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Creation 27(4):10–12, September 2005

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Kamikaze ichthyosaur?

Long-age thinking dealt a lethal body blow

by and Carl Wieland

Dr Achim Reisdorf nurses the remains of the ‘kamikaze’ ichthyosaur.

The complete preserved skull of an ichthyosaur1 was found buried in a vertical, nose-down position at 90 degrees to the rock layers. Unlike most fossils, the head was preserved in three dimensions, and had not been flattened by the weight of sediment above it.

Geologists found the fossil in 1999, in an abandoned quarry in the north of Switzerland, near Hauenstein, and took months to prise it carefully out of the enclosing rock.

The specimen is 37 cm (15 in) long, and consists of the head, its long snout with some 200 fine teeth, a few neck vertebrae and a very small part of its rib cage. It was a young animal, which would have been about two metres long, of the species Leptonectes tenuirostris, and is now displayed at the nearby Natural History Museum of Olten.

The skull was enclosed vertically within three geological layers, which have been dated according to long-age beliefs, by reference to the fossils they contain.2 Curiously, the layers span an ‘age’ of about one million years, and that presents something of a problem for long-age geologists.

How could anyone conceive of an ichthyosaur head being buried in a vertical position slowly over a million years, yet remaining preserved along its whole length? The obvious implication is that the ‘millions of years’ are fanciful.

So how would a long-ager deal with this problem? The scientist who discovered it, Dr Achim Reisdorf, was interviewed in depth in a German-language publication that is sympathetic to the Bible.3 It is fascinating to watch him wrestle with the evidence, while trying to hold that the sediments were deposited over a million years.

He proposed that soon after the creature died, before rigor mortis (stiffening of the body after death) set in, it started to sink. The increasing water pressure progressively collapsed its lungs, tipping it onto its nose, and causing it to sink faster and faster in a ‘kamikaze’ plunge. When it reached the bottom, its head thrust into the mud as far as its neck.

The ichthyosaur head spanned three layers, allegedly deposited over one million years.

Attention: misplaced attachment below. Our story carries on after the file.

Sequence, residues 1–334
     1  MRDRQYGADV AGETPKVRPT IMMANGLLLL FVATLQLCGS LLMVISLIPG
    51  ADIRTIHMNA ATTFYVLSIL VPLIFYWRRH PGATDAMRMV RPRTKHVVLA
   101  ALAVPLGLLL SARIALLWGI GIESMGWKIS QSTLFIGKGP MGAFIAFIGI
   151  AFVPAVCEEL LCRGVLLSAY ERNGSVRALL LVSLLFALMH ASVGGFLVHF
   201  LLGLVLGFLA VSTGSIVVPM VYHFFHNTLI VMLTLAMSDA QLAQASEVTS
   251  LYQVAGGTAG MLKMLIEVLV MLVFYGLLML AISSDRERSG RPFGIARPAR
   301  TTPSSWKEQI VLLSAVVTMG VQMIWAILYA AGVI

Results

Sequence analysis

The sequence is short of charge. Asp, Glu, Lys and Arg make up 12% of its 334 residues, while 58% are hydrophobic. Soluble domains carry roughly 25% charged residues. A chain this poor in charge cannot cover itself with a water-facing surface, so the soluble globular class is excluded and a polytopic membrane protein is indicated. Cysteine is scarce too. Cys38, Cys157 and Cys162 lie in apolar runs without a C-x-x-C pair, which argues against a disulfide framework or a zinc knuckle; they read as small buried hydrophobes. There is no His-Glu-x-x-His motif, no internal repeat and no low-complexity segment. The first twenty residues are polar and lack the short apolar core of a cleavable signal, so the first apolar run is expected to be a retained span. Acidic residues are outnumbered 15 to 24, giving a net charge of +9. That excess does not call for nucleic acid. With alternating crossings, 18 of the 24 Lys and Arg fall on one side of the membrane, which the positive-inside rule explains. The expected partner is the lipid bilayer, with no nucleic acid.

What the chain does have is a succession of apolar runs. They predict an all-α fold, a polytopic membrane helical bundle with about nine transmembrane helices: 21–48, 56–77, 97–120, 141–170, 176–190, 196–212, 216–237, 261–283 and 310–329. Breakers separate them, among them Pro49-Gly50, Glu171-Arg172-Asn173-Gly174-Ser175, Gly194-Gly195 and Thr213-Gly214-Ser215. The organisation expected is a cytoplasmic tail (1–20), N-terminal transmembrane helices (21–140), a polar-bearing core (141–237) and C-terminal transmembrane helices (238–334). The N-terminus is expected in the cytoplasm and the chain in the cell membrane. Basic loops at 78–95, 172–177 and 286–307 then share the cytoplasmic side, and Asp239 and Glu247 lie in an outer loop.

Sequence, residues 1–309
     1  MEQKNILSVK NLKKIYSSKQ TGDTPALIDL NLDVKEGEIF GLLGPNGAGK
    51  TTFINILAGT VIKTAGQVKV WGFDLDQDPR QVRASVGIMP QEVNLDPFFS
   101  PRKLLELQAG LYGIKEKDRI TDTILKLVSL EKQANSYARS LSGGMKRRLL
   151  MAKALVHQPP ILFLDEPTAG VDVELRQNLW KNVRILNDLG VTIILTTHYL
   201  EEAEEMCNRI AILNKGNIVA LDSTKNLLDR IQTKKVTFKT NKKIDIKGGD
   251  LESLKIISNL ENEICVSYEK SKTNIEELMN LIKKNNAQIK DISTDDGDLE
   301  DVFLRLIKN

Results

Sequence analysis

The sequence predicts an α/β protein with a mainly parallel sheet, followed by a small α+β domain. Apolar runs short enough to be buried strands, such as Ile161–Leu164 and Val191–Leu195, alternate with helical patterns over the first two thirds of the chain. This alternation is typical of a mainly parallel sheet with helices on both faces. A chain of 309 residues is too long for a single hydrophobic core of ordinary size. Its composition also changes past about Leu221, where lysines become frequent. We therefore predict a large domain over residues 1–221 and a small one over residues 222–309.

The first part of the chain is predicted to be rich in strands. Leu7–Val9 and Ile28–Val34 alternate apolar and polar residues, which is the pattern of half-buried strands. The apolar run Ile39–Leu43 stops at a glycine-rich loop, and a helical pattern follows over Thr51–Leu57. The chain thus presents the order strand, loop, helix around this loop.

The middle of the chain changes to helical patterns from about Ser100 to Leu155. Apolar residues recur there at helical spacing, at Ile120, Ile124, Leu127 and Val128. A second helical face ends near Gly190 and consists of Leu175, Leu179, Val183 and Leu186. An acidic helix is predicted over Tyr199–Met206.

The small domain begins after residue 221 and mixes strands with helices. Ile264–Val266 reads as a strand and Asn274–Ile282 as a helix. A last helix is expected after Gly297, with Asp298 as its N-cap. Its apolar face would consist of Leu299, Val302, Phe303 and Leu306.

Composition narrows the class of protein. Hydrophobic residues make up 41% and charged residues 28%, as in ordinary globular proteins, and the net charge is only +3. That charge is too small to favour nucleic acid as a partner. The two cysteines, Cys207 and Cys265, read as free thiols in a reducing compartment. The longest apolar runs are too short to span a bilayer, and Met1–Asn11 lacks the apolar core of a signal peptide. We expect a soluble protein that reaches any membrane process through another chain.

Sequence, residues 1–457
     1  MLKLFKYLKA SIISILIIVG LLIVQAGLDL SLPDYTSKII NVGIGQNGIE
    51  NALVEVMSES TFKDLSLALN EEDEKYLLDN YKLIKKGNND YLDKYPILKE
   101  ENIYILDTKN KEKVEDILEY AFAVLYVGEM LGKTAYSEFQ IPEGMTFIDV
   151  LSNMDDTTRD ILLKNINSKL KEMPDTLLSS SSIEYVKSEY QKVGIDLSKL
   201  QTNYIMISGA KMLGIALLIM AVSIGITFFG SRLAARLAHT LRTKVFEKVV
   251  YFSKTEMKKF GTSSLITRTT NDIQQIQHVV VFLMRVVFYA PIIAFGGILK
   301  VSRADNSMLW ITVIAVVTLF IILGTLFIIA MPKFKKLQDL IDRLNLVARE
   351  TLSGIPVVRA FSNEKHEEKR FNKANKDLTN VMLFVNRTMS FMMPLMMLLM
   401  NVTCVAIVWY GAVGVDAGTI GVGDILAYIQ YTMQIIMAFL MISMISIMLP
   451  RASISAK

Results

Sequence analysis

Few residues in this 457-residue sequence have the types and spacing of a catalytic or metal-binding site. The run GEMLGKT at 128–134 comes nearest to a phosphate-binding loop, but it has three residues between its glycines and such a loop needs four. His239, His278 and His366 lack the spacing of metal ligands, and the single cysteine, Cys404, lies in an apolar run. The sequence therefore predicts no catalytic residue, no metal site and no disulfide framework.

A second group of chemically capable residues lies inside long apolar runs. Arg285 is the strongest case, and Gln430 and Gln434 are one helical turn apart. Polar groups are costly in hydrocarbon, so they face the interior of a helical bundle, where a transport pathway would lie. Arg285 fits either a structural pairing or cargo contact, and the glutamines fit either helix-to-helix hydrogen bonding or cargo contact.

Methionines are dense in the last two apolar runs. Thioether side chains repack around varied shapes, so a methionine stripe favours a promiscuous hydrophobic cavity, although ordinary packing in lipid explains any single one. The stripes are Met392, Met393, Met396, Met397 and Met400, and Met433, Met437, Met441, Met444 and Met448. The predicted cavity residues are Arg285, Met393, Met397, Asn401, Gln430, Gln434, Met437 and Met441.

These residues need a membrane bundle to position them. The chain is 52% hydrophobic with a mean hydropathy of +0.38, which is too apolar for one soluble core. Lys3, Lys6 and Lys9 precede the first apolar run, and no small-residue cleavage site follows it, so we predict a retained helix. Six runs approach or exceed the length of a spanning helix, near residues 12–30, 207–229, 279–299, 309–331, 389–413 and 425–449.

But why would a large marine animal die suddenly unless it was attacked by a predator? Why wasn’t it scavenged? How could the rib cage remain flexible, allowing the lungs to collapse, and the snout remain rigid, allowing it to push so far into the sediment?

Even if such a scenario were believable to this point, the ‘long ages’ assigned to the rock layers create extra problems. If the sediments on the bottom were a million years old, why were they still soft? And if they were still soft, why was the fossil preserved? Why didn’t bacteria or worms demolish the remains of the animal in a short time as they normally do?


According to Dr Reisdorf, the sediments remained soft, for at least one million years, allowing the ichthyosaur’s complete head to sink right in. Then the material surrounding the skull hardened immediately afterwards, so quickly that the skull was beautifully preserved.

These sorts of mental gymnastics highlight the fact that there is no tension between the Bible and scientific facts—only between certain interpretations of the facts in relation to the past. Long-age beliefs lead to the idea that the layers were laid down over millions of years. It’s those beliefs that create the problem.

When we abandon the preconceived belief in long ages, we are free to understand the evidence in a straightforward manner. The layers were laid down, and the ichthyosaur buried, as a result of rapid, catastrophic happenings. Moreover, the same processes that deposited the next layer of sediment probably removed the rest of the body. All this is consistent with evidence we would expect for Noah’s Flood.

Posted on homepage: 12 May 2006

References and notes

  1. An ichthyosaur is an extinct marine reptile that gave birth to live young.
  2. The ages of the layers were assigned according to certain index fossils contained in the rocks, namely the kinds of marine shells (ammonites) and kinds of external skeletons of small crustaceans (ostracods).
  3. Factum 3:25–34, 2004.

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